first majestic silver

When Money Dies - Part 1

January 4, 2002

While the term "money," doesn't indicate life, it is necessary, for civilization as we know it, to exist. A medium of exchange, that is compact, valuable, acceptable to the masses, and divisible into various sizes, is one of the ways that has made man a bit higher than the beasts. Money allows the value of labor to be stored and spent. Money allows profits, assets, purchases, and virtually every single facet of a civilization to be transferred, and stored for future use. Commerce is impossible without money, and without money, it is difficult to imagine the quandary, in which mankind would be placed. Without exception, every "money" which governments have printed, has died. Silver and gold have been the only true, historic money, and they have been manipulated to make the dying monies look alive.

Man has used various things as a medium of exchange. Tree bark, cigarettes, sea shells, and other things, but 99% of the time, it has been pieces of paper, imprimatured with ink. What has given these pieces of paper value, and what has killed them? In 100% of the time, it has been government. When these paper currencies have been backed by gold and silver, or the actual coinage has been silver or gold, this money didn't die, but kept its value. For 150 years in America, prices didn't go up, because the American dollar was backed by, and consisted of, physical gold and silver. Governments pass "legal tender" laws, which force the use of their paper for "money." This column will be read in 174 lands around the world, and all of these nations have some form of paper currency, which goes under various names, such as pesos, francs, pounds, or what have you. All of these currencies are created by government, and none have a single thing to back them, other than the "full faith and credit of the…government." In other words, EVERY SINGLE CURRENCY OR 'MONEY' IN THE WORLD IS VALUELESS. In succeeding columns, I will examine several monies that have died. I will also examine a few of the 100% that are now dying…perhaps a bit faster than others. ALL THE WORLD'S "MONEY" IS A MATTER OF FAITH, NOT VALUE.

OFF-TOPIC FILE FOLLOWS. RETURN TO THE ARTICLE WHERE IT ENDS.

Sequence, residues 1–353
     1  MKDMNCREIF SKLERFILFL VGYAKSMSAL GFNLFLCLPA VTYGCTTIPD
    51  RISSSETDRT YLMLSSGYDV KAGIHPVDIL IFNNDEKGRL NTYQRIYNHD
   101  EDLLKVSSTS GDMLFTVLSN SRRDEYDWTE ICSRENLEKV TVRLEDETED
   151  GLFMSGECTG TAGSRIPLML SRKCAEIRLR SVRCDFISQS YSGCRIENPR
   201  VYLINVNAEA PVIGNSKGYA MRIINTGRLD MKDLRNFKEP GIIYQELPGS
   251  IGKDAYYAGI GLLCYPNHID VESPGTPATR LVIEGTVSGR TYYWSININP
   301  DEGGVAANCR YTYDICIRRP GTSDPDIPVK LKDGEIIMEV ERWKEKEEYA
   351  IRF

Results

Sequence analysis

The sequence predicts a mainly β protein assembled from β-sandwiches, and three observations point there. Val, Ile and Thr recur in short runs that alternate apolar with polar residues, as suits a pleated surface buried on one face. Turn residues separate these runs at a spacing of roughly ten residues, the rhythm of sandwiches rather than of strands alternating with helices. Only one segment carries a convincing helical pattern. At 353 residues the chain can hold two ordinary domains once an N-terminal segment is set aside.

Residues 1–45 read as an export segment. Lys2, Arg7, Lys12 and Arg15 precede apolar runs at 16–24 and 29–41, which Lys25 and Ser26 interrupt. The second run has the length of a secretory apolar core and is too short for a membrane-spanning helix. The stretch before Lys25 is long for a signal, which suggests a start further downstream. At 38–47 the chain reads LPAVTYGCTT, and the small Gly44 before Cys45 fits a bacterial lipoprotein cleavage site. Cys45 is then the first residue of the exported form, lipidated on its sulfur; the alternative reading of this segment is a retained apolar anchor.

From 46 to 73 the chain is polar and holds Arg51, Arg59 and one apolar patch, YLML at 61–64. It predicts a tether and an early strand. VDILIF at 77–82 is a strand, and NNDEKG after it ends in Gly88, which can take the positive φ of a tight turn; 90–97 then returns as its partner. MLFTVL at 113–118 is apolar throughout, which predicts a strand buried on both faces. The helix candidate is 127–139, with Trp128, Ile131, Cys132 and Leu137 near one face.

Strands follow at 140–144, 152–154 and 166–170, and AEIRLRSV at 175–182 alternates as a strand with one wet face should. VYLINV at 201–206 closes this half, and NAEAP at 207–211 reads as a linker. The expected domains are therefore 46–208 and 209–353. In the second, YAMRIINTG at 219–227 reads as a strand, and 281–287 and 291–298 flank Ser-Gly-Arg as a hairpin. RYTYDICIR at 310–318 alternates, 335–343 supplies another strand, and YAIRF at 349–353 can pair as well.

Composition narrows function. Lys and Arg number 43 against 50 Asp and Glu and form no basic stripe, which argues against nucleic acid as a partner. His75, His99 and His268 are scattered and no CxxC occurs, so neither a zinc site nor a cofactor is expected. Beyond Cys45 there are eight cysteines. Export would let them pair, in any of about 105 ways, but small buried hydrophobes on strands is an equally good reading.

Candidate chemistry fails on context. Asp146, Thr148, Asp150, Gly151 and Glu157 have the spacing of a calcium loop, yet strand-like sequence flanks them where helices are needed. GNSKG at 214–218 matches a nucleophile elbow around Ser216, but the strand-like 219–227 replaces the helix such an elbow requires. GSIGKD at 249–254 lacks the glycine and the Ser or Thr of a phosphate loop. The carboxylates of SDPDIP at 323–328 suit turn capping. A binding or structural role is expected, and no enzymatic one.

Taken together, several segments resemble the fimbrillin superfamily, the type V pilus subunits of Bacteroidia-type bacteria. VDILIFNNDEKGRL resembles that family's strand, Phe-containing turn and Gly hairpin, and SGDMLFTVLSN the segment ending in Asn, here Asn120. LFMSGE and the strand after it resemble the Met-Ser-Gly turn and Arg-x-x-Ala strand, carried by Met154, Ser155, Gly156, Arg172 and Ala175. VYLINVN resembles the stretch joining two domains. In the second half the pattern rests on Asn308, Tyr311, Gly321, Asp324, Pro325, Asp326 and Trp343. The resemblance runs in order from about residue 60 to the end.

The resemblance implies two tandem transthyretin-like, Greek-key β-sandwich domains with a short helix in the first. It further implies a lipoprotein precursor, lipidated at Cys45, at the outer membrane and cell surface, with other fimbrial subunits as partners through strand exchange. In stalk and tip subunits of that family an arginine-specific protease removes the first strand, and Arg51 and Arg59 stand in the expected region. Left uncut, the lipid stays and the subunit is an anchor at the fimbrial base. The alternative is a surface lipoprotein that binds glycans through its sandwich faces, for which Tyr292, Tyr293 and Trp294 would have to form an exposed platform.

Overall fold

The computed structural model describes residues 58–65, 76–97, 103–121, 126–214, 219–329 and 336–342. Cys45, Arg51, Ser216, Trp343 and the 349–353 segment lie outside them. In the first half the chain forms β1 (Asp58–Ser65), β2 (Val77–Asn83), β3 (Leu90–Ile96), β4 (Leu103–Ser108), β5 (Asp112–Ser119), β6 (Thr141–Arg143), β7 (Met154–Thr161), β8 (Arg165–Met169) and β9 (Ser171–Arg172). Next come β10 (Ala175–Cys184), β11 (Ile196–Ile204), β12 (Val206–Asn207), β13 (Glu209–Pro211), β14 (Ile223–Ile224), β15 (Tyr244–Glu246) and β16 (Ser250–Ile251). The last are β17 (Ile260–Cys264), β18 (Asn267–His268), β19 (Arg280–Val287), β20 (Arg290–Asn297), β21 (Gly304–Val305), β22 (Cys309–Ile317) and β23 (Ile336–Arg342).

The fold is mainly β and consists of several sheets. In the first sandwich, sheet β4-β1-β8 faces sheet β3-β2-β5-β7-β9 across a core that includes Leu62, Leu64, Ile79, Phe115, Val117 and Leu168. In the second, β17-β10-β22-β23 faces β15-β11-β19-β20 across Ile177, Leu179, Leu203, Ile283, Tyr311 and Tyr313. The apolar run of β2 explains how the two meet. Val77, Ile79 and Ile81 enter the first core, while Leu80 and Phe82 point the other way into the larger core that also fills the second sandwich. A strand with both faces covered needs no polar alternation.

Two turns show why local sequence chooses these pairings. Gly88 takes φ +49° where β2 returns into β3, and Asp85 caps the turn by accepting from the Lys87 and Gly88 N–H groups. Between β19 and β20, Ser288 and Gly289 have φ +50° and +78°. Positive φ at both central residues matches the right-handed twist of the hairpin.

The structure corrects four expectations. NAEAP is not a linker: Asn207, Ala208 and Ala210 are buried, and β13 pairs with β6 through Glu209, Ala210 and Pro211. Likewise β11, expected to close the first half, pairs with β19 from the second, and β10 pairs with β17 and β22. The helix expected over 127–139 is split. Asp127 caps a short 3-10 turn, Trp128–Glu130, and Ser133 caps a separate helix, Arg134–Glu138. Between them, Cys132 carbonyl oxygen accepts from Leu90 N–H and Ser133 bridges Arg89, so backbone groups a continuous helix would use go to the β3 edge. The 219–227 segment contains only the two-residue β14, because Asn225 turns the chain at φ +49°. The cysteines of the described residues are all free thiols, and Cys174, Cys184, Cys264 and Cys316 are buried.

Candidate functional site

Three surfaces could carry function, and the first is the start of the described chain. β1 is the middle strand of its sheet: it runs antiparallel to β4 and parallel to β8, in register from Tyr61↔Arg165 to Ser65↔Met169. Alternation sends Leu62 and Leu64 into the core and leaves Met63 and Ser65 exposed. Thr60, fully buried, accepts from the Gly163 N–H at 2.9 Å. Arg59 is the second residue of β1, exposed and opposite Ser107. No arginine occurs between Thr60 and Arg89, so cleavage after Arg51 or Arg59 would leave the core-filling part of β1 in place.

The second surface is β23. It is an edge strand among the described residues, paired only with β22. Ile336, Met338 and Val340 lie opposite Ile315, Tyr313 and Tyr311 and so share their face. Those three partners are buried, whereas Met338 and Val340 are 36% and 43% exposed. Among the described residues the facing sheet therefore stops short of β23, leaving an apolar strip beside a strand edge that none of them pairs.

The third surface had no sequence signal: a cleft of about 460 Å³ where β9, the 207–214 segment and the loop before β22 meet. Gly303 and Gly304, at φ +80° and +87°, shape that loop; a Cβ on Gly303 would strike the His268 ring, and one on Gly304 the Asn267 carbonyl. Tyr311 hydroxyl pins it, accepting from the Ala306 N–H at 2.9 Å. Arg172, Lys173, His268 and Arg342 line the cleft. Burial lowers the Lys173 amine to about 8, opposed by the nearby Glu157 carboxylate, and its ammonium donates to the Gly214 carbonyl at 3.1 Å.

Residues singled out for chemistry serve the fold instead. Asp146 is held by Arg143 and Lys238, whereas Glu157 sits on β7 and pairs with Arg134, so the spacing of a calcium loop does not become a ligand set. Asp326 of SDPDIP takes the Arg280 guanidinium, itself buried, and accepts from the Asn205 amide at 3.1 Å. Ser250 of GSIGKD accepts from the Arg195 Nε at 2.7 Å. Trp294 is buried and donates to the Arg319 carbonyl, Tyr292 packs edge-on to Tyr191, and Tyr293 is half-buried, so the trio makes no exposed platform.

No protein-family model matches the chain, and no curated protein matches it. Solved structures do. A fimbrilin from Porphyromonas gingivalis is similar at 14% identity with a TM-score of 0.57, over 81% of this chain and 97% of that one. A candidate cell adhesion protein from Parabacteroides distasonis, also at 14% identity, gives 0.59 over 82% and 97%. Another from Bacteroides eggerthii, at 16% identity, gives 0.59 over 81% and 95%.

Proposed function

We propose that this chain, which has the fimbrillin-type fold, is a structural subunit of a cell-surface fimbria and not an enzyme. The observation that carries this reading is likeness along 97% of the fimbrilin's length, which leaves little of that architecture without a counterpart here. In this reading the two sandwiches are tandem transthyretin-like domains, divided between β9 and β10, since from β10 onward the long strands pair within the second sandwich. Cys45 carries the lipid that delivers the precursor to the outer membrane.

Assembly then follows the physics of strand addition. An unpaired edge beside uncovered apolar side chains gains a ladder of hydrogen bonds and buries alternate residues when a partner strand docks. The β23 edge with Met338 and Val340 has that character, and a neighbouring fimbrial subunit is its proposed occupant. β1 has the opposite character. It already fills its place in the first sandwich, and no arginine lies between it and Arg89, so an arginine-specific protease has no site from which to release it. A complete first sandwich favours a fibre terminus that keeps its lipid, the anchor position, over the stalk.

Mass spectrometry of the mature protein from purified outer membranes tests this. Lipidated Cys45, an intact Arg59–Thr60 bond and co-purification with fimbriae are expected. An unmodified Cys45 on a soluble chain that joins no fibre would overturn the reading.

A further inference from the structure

Let's begin with the Japanese Yen, which might well be on its death-bed. A few years ago, downtown Tokyo land sold by the square inch. Japan was in the midst of a huge economic boom. Nothing was out of reach for them. Japan was bursting at the seams. Exports to America, especially, were enormous. Japanese autos had laid a hold on female America, because of their size, and seeming long, and trouble free life. Japan exported its factories to America, and stole American patents with great relish, failing to pay royalties on things we invented. Japan had no immigration problems, as no outsiders were welcome into Japan. All seemed wonderful, and America thought it had much to learn from Japan. The Japanese Yen and stock market peaked about April 1995, with the yen being worth about 7.9 American cents. The Nikkei stock market stood at 39000, and the Japanese psyche was operating at 100%. Today, the Japanese stock market has declined to about 10000, and the yen is worth three quarters of a single US cent. (The Japanese started all over again, with a "new" yen, Nov 1, 1984.)

Japanese banks loaned money to one and all, virtually without question, as everyone knew Japan would once again reign supreme in the world. It had virtually no military expense to worry about, and Americans were buying Japanese computers, TV's VCR's, cars, and every other gizmo their factories could turn out. Ah! Prosperity. As with all over blown markets, it had to crash. All things that are over priced, in any currency, will have to crash, just as gold and silver did, after reaching an unprecedented high of $850 and $54 in 1980. All unbacked currencies have to die. The Japanese banks loaned yen profusely, when the Japanese economy was going strong. With the Japan economy in rubble, those loans are still on the bank's books as non-performing loans.

When an economy collapses, those who have the least amount of money in that economy, and the most tangibles, come out best.

Collapsing economies and dying money, can have a radical effect on other economies. The Japanese hold $400 billion in US debt. Suppose they decided to cash it all in, to raise their "liquidity?" The US bond market would crash, because suddenly, huge amounts of US debt would be for sale. The inter-related, fine details, and consequences of the second largest economy in the world going down the tubes is frightening, but it is happening right before our eyes. The Japanese "money" is in its death throes.